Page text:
Monday, January 14, 2008

John Ashbery on Frank O'Hara's ability to do anything!

Last Spring a friend played me Tom Waits' "Rain Dogs" and I couldn't believe I'd spent 29 years without it. It's as close to a perfect record as I have ever heard, from the wider concept, to the instrumentation that is so foreign you'd think you had never heard a song before in whole life. I listened to all or part of it every day for a solid 3 months.
It was, at the time an obsession and now I've found a new one, Frank O'Hara. I got about half way through his collected before I stopped and read John Asbery's introduction. In short, it was like looking at a put-together puzzle and wondering why you ever thought it was so hard. I won't get into too much explication, but instead leave a few choice quotes to you:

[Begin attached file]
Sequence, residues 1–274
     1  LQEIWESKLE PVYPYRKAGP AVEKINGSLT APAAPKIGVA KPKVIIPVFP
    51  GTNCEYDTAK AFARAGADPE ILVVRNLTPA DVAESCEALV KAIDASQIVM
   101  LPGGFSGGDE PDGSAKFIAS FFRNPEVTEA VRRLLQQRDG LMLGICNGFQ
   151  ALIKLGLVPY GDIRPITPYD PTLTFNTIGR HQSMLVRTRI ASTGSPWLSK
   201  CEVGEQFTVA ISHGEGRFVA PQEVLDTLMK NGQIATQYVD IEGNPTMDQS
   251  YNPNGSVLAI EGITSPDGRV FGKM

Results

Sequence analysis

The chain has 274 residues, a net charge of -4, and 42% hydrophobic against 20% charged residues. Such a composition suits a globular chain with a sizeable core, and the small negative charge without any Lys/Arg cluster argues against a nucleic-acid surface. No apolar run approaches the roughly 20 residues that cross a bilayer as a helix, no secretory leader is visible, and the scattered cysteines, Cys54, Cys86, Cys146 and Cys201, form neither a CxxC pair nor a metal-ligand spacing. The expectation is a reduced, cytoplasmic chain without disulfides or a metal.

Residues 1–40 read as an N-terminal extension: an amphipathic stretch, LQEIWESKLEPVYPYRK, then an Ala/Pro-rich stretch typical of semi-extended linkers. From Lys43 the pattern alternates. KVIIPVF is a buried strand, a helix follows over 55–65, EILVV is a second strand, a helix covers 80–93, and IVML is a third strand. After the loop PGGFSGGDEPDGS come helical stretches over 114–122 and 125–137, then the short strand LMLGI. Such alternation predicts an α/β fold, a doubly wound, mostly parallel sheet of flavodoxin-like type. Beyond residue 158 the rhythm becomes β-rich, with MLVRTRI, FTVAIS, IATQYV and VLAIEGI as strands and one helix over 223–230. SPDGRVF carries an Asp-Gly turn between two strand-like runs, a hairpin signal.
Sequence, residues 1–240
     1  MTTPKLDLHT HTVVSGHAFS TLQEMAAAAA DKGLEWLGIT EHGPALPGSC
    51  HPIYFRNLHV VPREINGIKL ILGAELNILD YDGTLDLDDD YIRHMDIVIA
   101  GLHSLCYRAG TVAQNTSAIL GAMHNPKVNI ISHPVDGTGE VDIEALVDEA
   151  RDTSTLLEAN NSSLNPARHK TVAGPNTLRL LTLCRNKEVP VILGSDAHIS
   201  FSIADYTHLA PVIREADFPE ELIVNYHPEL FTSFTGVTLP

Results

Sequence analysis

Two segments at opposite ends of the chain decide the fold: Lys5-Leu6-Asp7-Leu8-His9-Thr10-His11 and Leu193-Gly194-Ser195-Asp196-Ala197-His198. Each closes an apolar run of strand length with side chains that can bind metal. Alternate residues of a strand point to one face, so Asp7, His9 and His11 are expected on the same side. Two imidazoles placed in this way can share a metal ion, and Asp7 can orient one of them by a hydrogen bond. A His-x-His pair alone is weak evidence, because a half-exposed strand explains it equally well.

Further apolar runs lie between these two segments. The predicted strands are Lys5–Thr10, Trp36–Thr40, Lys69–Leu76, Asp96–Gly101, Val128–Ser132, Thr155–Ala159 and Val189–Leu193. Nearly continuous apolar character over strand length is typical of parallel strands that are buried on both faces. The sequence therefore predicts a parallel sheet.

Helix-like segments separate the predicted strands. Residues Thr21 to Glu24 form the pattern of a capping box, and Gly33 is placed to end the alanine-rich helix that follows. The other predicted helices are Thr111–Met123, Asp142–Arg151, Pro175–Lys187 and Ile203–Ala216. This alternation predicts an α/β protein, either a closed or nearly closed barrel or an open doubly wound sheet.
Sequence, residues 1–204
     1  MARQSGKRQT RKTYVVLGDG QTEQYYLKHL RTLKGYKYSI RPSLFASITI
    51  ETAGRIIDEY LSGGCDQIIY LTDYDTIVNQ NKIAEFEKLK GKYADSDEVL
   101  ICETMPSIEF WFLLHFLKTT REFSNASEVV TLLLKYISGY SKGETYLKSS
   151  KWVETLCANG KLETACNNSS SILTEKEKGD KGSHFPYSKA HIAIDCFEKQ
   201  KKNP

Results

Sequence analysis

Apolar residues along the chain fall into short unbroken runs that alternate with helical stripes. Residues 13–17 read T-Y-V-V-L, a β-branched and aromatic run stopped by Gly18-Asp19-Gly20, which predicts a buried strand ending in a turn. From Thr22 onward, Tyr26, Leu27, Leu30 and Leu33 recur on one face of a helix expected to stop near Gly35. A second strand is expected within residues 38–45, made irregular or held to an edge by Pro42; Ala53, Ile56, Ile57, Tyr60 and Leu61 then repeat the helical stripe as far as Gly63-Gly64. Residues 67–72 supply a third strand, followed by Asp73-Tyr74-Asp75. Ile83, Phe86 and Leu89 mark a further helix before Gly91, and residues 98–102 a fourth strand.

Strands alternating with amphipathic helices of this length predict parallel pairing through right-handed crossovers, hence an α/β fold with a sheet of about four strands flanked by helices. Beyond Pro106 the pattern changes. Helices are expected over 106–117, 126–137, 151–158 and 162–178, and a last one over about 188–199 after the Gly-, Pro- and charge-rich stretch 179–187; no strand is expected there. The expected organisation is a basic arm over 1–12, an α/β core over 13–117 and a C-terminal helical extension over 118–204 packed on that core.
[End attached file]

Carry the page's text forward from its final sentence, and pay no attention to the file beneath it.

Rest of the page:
On the avant-garde, "The actual mechanics of the method escaped me then as it does now; what mattered was that chance elements could combine to produce so beautiful and cogent a work. It was a further, perhaps for us ultimate proof not so much of 'Anything goes' but 'Anything can come out.'"

Without O'Hara, "there probably wouldn't be a young generation of poets committed to poetry as something living rather than an academic parlor game."

O'Hara's surrealist vernacular created a "remarkable new poetry--both modest and monumental, with something basically usable about it--not only for poets in search of a voice of their own but for the reader who turns to poetry as a last resort in trying to juggle the contradictory components of modern life into something like a livable space."

And of course, as poem...

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